Each year in the United States, more than 2 million people develop antibiotic-resistant infections and at least 23,000 people die as a result, according to the U.S. Centers for Disease Control and Prevention.
Researchers at University of California, Berkeley are going to receive a five-year, $5.8 million grant from the National Institute of Allergy and Infectious Diseases (NIAID), part of the National Institutes of Health, for the development of tools to identify drug-resistant pathogens.
UC Berkeley is one of 9 research institutions that will receive funding from NIAID as to develop tests and methods for the rapid detection of antimicrobial-resistant bacteria. A total of $11 million was awarded to six academic institutions and three companies for the first of five years of funding.
According to an NAID press release, the nine research facilities will develop tools to identify certain drug-resistant pathogens, such as E. Coli, that frequently cause infections in health care settings. Advancing the development of rapid and innovative diagnostic tests for identifying and characterizing resistant bacteria is a key goal of the President’s recent National Action Plan for Combating Antibiotic-Resistant Bacteria.
Each of the institutions receiving the NIAID awards will develop a diagnostic tool that identifies and provides corresponding antibiotic susceptibility information for one or more of the following bacteria: Klebsiella pneumonia; Acinetobacter baumannii; Pseudomonas aeruginosa; Enterobacter species; and Escherichia coli (photo inset, courtesy of Renata Horvat).
The researchers hope to develop a test to that will rapidly identify particular species of potentially drug-resistant bacteria in samples of blood, urine, and other bodily fluids or tissues. The process would take a matter of minutes, in contrast to the several days it currently takes to have samples analyzed at off-site laboratories.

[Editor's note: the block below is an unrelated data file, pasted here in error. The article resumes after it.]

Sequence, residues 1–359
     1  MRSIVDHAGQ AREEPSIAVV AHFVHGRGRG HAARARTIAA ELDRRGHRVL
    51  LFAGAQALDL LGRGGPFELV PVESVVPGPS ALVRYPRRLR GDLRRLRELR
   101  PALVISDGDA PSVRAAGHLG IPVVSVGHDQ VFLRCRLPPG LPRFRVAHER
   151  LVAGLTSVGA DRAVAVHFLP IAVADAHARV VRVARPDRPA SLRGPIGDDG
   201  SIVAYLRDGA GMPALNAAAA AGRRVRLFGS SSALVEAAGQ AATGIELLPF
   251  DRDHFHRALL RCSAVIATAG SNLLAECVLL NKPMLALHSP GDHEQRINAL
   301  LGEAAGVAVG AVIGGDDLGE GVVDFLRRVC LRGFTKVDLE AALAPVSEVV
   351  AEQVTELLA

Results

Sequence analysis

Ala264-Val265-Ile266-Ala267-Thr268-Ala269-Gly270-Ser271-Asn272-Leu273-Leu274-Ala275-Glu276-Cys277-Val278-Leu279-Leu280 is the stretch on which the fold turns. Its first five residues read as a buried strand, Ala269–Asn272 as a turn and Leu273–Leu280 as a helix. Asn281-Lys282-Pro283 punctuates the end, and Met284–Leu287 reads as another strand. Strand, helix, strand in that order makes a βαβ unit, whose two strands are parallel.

The UC Berkeley team consists of researchers from the School of Public Health and the Department of Bioengineering, and is led by Dr. Lee Riley, professor of infectious diseases, and Luke Lee and Niren Murthy, both professors of bioengineering.
“Delay in diagnosis not only contributes to increased patient mortality, but also to the wrong choice of drugs that can further select for drug resistance,” said Dr. Lee Riley, “Antimicrobial resistance is a serious global health threat that is undermining our ability to effectively detect, treat and prevent infections,” said Dr. Anthony S. Fauci, NIAID’s director, in the announcement.
“One way we can combat drug resistance is by developing enhanced diagnostic tests that rapidly identify the bacteria causing an infection and their susceptibility to various antimicrobials. This will help physicians determine the most effective treatments for infected individuals and thereby reduce the use of broad-spectrum antibiotics that can contribute to the drug-resistance problem.”
Berkeley is consistently rated among the top institutions in the world for the quality and breadth of its research enterprise, for the scholarly distinction of its faculty, for the excellence of its Ph.D. programs, and for the amount of funding received for support of its research programs.
In addition to the $5.8 million for this project from the National Institutes of Health, UC Berkeley receives hundreds of millions in R&D funding every year. For example:
- UC Berkeley received $730.7 million in research funding for FY 2013/14.
- The University of California, Berkeley College of Chemistry is redesigning and rebuilding its chemistry and chemical engineering labs funded with $30 million to create a 22,000 square foot facility.
- The UC Berkeley currently has 3 years remaining of a $500 million grant from global energy firm BP.
- UC Berkeley received NIH grant awards totaling over $150 million in 2014.
Lab vendors and biotech suppliers interested in meeting the prominent researchers of UC Berkeley on their own turf will be attending the 18th Annual BioResearch Product Faire™ Event at UC Berkeley on June 3, 2015.
Last year, the BioResearch Product Faire™ event at UC Berkeley attracted scores of attendees, including 19 purchasing agents, professors and post docs, and 26 lab managers from 15 different research buildings and 21 on campus departments.
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